Scientists believe that the Earth’s core, consisting primarily of iron and nickel, may be hotter than the surface of the sun, with temperatures reaching up to 5,500 degrees Celsius (9,932 degrees Fahrenheit).
Why do scientists think the Earth’s core is hotter than the sun’s surface?
The Earth’s core, located approximately 2,900 kilometers (1,800 miles) beneath the Earth’s surface, remains an elusive and challenging realm for direct exploration. Despite the inability to physically access the core, scientists have employed a combination of sophisticated techniques, including theoretical modeling and seismic studies, to gain insights into its temperature.
Scientists use the analysis of seismic waves generated by earthquakes to study the temperature of the planet’s core. By studying the behavior of these waves as they travel through different layers of the Earth, scientists can infer valuable information about the planet’s internal structure and temperature distribution.
Through seismic studies, scientists have determined that the core’s temperature increases significantly as one ventures deeper into the Earth. The most scorching temperatures are found at the boundary between the outer and inner core, approximately 3,200 miles beneath the Earth’s surface. Here, researchers estimate that the temperature reaches nearly 6,000 degrees Celsius (10,800 degrees Fahrenheit). So, if that’s the case, then the earth’s core is hotter than the sun.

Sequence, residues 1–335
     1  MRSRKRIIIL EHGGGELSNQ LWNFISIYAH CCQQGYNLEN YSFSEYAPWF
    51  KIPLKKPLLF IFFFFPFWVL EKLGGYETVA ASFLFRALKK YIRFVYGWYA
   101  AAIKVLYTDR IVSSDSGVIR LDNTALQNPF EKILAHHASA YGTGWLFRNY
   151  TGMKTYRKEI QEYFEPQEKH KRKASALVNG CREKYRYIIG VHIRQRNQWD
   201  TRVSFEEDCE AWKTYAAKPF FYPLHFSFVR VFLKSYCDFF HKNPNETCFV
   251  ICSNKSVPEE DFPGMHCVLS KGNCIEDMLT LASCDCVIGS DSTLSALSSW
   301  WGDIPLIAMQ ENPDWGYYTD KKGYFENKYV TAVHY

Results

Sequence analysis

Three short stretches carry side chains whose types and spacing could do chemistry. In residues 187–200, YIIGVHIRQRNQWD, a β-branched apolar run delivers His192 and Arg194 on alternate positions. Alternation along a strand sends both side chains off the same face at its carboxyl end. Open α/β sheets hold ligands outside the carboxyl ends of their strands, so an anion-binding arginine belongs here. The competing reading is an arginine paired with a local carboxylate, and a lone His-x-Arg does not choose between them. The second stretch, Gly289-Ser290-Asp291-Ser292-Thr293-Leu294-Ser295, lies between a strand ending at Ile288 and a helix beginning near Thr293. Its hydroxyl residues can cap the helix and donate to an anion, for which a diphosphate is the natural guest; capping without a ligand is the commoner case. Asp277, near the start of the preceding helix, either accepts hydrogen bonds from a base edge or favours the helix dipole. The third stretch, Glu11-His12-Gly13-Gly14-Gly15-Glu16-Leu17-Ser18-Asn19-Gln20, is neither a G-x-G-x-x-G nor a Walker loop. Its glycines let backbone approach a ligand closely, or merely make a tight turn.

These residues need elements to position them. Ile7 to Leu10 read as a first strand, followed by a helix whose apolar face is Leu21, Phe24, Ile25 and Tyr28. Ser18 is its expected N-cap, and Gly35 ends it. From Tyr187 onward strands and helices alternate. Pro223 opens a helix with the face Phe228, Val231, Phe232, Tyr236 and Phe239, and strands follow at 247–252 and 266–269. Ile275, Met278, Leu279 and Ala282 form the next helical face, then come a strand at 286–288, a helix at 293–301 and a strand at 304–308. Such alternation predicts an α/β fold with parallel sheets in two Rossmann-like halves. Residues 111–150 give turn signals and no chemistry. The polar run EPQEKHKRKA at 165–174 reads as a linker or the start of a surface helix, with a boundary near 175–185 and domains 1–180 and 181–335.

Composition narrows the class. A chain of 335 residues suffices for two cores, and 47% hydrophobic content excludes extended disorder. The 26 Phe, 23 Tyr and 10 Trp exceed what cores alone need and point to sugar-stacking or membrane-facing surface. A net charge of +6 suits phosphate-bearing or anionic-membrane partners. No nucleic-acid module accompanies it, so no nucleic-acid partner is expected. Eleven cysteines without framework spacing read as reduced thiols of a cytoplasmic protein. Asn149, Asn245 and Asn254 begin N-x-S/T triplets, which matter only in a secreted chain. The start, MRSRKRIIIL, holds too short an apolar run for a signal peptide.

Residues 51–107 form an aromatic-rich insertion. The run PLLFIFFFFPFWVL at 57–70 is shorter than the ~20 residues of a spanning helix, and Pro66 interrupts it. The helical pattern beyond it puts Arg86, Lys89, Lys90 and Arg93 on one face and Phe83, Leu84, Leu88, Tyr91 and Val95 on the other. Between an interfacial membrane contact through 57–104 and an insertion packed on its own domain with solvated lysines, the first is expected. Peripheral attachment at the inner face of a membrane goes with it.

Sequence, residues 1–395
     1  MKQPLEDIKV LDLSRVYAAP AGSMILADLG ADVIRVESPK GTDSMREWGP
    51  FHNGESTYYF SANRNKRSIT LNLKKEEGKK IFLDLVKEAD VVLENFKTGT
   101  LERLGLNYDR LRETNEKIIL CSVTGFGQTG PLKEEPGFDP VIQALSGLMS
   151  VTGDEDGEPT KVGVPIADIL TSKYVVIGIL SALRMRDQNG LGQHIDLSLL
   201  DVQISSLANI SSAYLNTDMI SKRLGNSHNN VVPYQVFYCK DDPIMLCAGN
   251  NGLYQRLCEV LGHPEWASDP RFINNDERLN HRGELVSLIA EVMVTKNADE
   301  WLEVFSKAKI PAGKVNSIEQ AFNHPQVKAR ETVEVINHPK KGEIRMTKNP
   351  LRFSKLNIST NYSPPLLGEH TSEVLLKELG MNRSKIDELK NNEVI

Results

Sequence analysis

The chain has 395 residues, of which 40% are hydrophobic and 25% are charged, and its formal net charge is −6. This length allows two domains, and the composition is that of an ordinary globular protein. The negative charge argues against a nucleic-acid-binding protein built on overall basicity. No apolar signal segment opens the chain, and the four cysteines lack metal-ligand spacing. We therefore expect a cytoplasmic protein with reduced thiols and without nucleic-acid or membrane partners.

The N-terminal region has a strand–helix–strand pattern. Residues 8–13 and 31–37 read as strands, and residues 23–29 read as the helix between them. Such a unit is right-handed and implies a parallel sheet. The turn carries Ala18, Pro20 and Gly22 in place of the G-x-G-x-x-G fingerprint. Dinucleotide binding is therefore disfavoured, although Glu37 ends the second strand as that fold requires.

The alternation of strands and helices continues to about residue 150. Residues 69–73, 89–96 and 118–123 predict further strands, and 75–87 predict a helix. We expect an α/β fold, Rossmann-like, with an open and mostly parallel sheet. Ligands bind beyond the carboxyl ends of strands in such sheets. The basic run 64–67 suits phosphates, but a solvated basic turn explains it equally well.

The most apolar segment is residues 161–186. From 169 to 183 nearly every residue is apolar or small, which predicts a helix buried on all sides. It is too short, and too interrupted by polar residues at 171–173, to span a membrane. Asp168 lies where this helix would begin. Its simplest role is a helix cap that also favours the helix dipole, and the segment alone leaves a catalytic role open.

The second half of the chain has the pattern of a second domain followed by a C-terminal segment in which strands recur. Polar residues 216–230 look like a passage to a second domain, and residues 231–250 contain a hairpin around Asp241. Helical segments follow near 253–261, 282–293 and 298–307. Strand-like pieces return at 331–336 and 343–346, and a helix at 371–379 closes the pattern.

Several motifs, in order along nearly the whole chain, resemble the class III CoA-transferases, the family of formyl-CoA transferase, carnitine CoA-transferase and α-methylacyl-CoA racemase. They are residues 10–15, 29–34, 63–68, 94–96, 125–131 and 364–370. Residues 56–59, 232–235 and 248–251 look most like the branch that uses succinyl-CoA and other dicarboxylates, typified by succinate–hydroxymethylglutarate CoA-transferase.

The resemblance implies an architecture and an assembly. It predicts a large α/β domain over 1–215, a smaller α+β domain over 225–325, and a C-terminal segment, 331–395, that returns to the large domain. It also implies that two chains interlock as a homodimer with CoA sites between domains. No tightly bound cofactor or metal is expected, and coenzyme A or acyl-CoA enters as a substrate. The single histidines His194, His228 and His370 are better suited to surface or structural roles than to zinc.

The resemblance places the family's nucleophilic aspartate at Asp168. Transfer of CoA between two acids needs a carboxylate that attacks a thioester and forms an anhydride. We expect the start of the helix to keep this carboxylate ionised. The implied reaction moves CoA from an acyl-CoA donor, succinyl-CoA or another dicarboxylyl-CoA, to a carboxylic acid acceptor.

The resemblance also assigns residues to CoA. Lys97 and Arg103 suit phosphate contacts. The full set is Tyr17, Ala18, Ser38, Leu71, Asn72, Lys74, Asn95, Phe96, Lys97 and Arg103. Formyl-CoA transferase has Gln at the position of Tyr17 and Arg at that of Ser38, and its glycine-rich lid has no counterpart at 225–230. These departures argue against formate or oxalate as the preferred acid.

Where’d that heat come from?
Interestingly, the heat in the Earth’s core does not come from the sun. The core’s exceptional temperatures are sustained by two primary heat sources. The first source of heat originates from the residual energy trapped within the Earth since its formation around 4.5 billion years ago. During the Earth’s early stages, countless collisions and mergers between rock fragments produced an immense amount of heat, some of which remains within the core to this day.
The second source of heat within the core arises from the radioactive decay of isotopes present throughout the Earth. Radioactive elements such as potassium-40, thorium-232, uranium-235, and uranium-238 release energy as they undergo decay, contributing to the overall heat budget of the core.
While the core’s temperatures may exceed those of the sun’s surface, it is important to note that the conditions in the core are drastically different. The core’s high pressures prevent its iron-nickel composition from vaporizing into gas despite the extreme temperatures.
This unique combination of heat and pressure creates an environment that sustains the core in a liquid or solid state.